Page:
coMPutER PRogRAMMing - cert. Prog. (c25130)MAJoR couRSES: ..........................................................................................SHcCIS 115 Intro to Prog & Logic ............................................................................3CSC 139 Visual BASIC Programming .................................................................3CSC 141 Visual C++ Programming ......................................................................3CSC 239 Advanced Visual BASIC Prog ..............................................................3

total credit Hours Required ........................................................................12DEVELoPMEntAL couRSE REQuiREMEntS*MAT DMA 010, DMA 020, DMA 030, DMA 040, DMA 050 ...............................5*Developmental coursework (including all prerequisites) will be required of students whose placement test scores indicate a need for greater proficiency in the areas of reading, English, mathematics, and computers. Please refer to the Course Descrip-tions section for prerequisite course information.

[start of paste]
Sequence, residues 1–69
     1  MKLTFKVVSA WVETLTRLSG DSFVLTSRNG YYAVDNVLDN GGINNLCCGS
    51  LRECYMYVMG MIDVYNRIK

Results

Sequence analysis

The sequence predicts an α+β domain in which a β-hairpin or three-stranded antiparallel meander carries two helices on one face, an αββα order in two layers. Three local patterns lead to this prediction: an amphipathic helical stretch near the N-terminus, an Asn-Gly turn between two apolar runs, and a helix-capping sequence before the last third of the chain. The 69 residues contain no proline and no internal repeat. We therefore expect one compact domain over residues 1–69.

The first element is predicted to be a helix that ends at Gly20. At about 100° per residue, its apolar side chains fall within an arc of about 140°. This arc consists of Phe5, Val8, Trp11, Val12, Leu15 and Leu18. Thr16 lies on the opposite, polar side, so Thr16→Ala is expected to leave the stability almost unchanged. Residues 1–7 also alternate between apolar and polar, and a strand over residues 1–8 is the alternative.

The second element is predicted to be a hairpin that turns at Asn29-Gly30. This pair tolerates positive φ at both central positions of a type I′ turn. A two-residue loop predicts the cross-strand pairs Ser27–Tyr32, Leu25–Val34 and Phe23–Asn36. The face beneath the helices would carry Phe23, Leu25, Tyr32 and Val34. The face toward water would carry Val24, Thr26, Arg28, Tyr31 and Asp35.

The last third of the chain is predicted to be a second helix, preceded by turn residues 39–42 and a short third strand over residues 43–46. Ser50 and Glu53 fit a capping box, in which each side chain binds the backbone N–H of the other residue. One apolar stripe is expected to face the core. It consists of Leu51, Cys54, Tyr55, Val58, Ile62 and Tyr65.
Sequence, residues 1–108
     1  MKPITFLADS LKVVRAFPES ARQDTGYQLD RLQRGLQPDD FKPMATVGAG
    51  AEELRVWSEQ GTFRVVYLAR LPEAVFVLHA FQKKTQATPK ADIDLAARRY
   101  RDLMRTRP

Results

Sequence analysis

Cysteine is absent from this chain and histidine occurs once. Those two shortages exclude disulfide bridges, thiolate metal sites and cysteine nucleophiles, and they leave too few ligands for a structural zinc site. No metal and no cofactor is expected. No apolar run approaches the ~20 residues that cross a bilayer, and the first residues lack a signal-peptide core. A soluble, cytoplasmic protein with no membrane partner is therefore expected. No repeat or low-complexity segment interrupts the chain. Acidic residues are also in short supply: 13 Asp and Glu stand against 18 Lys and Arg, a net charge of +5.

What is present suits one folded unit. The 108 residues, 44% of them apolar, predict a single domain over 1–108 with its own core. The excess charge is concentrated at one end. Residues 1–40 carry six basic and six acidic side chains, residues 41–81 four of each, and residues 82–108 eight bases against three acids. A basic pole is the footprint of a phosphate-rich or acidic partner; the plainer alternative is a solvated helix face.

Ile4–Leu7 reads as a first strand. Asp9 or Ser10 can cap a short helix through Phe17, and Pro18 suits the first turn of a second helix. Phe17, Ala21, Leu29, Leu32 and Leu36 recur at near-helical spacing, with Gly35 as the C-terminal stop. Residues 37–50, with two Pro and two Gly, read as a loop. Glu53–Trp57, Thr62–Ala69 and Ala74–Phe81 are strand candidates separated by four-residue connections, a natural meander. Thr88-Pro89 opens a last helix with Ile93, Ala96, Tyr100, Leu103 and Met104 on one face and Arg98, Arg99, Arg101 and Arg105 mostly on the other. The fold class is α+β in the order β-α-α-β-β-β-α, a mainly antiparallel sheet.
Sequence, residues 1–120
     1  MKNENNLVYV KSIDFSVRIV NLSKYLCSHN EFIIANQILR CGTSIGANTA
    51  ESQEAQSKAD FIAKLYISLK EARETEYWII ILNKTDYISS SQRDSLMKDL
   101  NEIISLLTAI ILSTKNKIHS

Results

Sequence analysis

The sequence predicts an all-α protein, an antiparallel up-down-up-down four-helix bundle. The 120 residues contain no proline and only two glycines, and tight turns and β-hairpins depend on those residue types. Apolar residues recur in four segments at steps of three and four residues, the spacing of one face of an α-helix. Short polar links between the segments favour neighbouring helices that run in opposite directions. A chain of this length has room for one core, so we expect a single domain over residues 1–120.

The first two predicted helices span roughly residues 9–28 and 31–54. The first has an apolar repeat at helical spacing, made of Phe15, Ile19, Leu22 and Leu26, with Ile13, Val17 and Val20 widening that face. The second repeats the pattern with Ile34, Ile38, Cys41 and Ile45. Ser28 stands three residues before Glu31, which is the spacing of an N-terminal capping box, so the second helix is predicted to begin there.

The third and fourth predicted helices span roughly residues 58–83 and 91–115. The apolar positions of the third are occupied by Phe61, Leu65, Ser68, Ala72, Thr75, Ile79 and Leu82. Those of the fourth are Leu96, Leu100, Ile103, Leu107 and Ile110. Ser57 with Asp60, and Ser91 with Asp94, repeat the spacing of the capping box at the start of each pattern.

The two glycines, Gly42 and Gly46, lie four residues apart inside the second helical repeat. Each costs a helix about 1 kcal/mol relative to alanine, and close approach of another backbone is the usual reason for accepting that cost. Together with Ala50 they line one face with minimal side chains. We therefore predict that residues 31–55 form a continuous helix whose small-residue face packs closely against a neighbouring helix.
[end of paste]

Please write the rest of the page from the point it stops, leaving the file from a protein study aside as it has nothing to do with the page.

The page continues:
computer Programming – cert. Suggested Sequence (c25130)Fall – 1st year CIS 115 Intro to Prog & Logic 2 3 0 3 Total 2 3 0 3Spring – 1st yearCSC 139 Visual BASIC Programming 2 3 0 3CSC 141 Visual C++ Programming 2 3 0 3 Total 4 6 0 6Spring – 2nd yearCSC 239 Advanced Visual BASIC Prog 2 3 0 3 Total 2 3 0 3 Grand Total 8 12 0 12

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coSMEtoLogYDiploma Program (D55140)